57. Donald M. Callen, ‘Moving to Music: For Better Appreciation’, Journal of Aesthetic Education, 1985, 19, 3, 37–50.

58. Deborah A. Sheldon, ‘Listeners’ Identification of Musical Expression through Figurative Language and Musical Terminology’, Journal of Research in Music Education, 2004, 52, 4, 357–68.

59. Mary Stakelum, ‘An Analysis of Verbal Responses to Music in a Group of Adult Non-Specialists’, Music Education Research, 2011, 13, 2, 173–97.

60. Keith Swanwick, ‘Musical Knowledge in Action’, Musical Knowledge: Intuition, Analysis and Music Education (Routledge, 1994), pp. 45–54.

Volume IV: Schools and Communities

61. Paul R. Lehman, ‘Implications of National Standards’, Music Educators Journal, 1993, 80, 3, 25–8.

62. Richard J. Colwell, ‘The Future of Assessment’, Journal of Aesthetic Education, 1999, 33, 4, 53–75.

63. Vic Gammon, ‘Cultural Politics of the English National Curriculum for Music, 1991–1992’, Journal of Educational Administration and History, 1999, 31, 2, 130–47.

64. John Shepherd and Graham Vulliamy, ‘The Struggle for Culture: A Sociological Case Study of the Development of a National Music Curriculum’, British Journal of Sociology of Education, 1994, 15, 1, 27–40.

65. Wing-Wah Law and Wai-Chung Ho, ‘Values Education in Hong Kong School Music Education: A Sociological Critique’, British Journal of Educational Studies, 2004, 52, 1, 65–82.

66. John Sloboda, ‘Emotion, Functionality and the Everyday Experience of Music: Where Does Music Education Fit?’ Music Education Research, 2001, 3, 2, 243–53.

67. Betty Anne Younker and James Renwick, ‘Responses to John Sloboda: The Second International Research in Music Education Conference, Exeter, UK, April 2001’, Music Education Research, 2002, 4, 2, 244–53.

68. Malcolm Ross, ‘What’s Wrong with School Music?’, British Journal of Music Education, 1995, 12, 3, 185–201.

69. John Finney, ‘The Rights and Wrongs of School Music: Considering the Expressivist Argument and its Existential Component’, British Journal of Music Education, 1999, 16, 3, 237–44.

70. Lucy Green, ‘Group Co-operation, Inclusion and Disaffected Pupils: Some Responses to Informal Learning in the Music Classroom’, invited contribution to Music Education Research, 2008, 10, 2, 177-92.

71. Lauri Väkevä, ‘The World Well Lost, Found Reality and Authenticity in Green’s "New Classroom Pedagogy"’, Action, Criticism, and Theory for Music Education, 2009, 6, 2, 7–34.

72. Lucy Green, ‘Response to Special Issue of Action, Criticism and Theory for Music Education Concerning Music, Informal Learning and the School: A New Classroom Pedagogy’, Action, Criticism, and Theory for Music Education, 2009, 8, 2, 120–32.

73. Kathryn Marsh, ‘Mediated Orality: The Role of Popular Music in the Changing Tradition of Children’s Musical Play’, Research Studies in Music Education, 1999, 13, 2–12.

74. Randall Everett Allsup, ‘Mutual Learning and Democratic Action in Instrumental Music Education’, Journal of Research in Music Education, 2003, 51, 1, 24–37.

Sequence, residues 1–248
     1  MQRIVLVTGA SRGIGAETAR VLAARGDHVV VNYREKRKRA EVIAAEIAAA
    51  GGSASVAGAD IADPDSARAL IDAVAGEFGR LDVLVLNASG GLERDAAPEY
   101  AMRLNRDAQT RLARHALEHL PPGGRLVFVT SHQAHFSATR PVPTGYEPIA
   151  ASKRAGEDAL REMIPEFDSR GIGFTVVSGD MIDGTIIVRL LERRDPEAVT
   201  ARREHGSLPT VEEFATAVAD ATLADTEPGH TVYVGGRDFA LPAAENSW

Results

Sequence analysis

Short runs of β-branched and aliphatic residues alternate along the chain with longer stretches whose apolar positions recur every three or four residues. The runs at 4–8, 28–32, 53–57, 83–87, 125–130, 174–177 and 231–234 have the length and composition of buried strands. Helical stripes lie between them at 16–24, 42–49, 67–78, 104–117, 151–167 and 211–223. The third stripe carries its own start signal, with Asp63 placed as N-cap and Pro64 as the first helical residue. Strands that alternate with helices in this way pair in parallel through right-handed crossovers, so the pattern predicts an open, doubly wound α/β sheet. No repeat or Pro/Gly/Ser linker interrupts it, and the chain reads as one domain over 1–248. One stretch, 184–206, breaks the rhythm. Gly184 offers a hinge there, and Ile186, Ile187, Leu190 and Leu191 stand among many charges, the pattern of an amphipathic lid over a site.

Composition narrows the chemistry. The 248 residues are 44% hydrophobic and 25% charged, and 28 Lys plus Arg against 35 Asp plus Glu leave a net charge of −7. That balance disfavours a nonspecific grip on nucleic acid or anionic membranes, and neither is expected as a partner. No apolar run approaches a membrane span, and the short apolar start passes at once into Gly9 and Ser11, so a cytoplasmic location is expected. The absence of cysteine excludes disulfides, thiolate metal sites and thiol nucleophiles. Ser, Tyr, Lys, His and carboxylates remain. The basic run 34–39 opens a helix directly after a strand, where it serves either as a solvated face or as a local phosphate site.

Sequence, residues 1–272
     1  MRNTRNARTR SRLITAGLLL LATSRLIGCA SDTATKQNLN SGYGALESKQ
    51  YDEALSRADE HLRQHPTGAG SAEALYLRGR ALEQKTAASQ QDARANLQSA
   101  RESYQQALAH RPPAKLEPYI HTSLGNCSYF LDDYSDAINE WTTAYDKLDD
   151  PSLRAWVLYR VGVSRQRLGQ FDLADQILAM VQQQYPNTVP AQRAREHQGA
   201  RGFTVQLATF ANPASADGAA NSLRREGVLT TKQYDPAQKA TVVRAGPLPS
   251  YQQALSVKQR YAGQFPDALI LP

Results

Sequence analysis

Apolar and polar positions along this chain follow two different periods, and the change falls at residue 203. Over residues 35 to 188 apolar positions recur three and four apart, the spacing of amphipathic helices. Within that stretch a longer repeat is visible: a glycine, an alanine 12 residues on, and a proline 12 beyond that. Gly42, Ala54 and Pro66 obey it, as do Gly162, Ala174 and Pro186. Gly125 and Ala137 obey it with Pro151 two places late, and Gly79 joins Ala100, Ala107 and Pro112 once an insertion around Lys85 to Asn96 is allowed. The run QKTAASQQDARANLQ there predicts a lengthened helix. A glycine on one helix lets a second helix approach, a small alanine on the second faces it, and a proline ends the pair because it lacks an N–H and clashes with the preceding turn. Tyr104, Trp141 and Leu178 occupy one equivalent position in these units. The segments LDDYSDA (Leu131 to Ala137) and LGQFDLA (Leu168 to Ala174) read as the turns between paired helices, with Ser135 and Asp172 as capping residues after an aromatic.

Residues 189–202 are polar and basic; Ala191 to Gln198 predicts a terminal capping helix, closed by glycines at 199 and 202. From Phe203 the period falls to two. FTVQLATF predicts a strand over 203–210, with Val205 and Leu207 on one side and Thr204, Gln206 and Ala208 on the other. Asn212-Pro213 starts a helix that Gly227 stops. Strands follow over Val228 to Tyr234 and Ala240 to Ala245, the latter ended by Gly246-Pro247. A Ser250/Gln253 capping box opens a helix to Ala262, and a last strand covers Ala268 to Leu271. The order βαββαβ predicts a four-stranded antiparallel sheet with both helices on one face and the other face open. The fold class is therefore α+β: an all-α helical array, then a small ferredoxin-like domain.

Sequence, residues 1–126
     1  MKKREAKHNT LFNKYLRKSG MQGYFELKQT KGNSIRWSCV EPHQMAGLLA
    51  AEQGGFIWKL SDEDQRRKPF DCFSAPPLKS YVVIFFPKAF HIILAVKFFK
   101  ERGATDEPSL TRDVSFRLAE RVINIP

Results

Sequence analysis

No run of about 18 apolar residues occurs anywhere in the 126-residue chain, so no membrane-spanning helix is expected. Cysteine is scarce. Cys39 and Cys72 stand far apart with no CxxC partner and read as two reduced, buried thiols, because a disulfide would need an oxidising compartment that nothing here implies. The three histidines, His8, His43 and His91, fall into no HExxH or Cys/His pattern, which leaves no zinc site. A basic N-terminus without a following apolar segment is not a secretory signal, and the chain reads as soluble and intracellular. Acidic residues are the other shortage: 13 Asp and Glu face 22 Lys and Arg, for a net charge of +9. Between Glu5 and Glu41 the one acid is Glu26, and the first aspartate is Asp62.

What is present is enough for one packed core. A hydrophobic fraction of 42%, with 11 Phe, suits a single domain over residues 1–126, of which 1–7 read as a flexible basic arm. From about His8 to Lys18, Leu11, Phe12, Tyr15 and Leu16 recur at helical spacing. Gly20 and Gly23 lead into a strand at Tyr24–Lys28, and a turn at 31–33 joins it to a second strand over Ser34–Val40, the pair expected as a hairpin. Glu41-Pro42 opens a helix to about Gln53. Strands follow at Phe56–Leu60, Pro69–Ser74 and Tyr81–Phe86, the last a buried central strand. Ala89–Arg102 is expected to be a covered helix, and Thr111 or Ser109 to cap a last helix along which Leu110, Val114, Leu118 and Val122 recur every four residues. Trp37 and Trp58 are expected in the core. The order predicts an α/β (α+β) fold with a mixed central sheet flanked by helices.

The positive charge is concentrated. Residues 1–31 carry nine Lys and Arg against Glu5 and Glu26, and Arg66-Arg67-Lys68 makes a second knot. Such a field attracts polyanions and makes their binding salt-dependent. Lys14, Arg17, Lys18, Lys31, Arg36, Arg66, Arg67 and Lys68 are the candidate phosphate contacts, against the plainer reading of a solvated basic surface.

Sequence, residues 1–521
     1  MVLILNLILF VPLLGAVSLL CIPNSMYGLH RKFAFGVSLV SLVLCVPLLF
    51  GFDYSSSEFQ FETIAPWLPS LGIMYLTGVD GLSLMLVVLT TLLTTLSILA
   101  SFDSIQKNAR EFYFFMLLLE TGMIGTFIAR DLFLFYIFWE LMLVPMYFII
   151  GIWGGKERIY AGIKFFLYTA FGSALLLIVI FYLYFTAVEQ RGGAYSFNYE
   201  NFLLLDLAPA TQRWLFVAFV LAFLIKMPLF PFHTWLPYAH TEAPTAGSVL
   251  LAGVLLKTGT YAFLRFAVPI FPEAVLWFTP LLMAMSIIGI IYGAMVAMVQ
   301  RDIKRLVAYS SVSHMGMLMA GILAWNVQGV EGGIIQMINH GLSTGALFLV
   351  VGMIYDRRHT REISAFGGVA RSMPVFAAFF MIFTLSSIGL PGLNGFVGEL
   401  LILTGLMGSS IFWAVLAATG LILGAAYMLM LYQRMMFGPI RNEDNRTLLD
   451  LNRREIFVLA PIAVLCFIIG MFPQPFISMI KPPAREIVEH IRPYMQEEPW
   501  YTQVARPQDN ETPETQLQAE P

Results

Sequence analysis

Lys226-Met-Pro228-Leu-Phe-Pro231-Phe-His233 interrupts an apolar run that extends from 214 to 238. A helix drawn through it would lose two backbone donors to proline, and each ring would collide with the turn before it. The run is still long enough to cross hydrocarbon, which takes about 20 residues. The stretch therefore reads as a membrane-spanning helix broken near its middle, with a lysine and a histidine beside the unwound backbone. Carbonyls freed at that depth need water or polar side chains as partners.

75. John O’Flynn, ‘Vernacular Music-Making and Education’, International Journal of Music Education, 2006, 24, 2, 140.

76. Sandra L. Stauffer, ‘Connections between the Musical and Life Experiences of Young Composers and Their Compositions’, Journal of Research in Music Education, 2002, 50, 4, 301–22.

77. Dawn Joseph and Jane Southcott, ‘Retaining a Frisson of the "Other": Imperialism, Assimilation, Integration and Multiculturalism in Australian Schools’, Music Education Research, 2007, 9, 1, 35–48.

78. Chi Cheung Leung, ‘Building a New Music Curriculum a Multifaceted Approach’, Action, Criticism, and Theory for Music Education, 2004, 2–28.

79. Christopher Small, ‘Musicking—the Meanings of Performing and Listening. A Lecture’, Music Education Research, 1999, 1, 1, 9–21.

80. Martin Cloonan, ‘The Hidden Musicians: Music-Making in an English Town’ (review), Popular Music and Society, 2009, 32, 5, 671–3.

81. Peter Dunbar-Hall, ‘Children’s Learning of Music and Dance in Bali: An Ethnomusicological View of the Cultural Psychology of Music Education’, in M. S. Barrett (ed.), A Cultural Psychology of Music Education (Oxford University Press, 2011).

82. John Baily, ‘"Music is in Our Blood": Gujarati Muslim Musicians in the UK’, Journal of Ethnic and Migration Studies, 2006, 32, 2, 257–70.

83. Patricia Shehan Campbell, ‘The Many-Splendored Worlds of Our Musical Children’, Update: Applications of Research in Music Education, 1999, 18, 1, 7–14.

84. Peter Renshaw, ‘Simply Connect: "Next Practice" in Group Music Making and Musical Leadership: Shaping Music Education, An Emerging Vision’, Paul Hamlyn Foundation Special Project, 2005, pp. 1–25.

85. Keith Swanwick, ‘Music Education: Closed or Open?’, Journal of Aesthetic Education, 1999, 33, 4, 127–41.

About the Series

Major Themes in Education

The collections in this series bring together the most significant and influential writings on the key themes within education systems worldwide. Edited by acknowledged leaders in the field, the volumes include essential readings from a wide range of sources. Complete with new introductions and thorough indices, each collection gives an historical overview of the development of the theme concerned and also provides students, teachers and researchers with an insight into current debates within the field.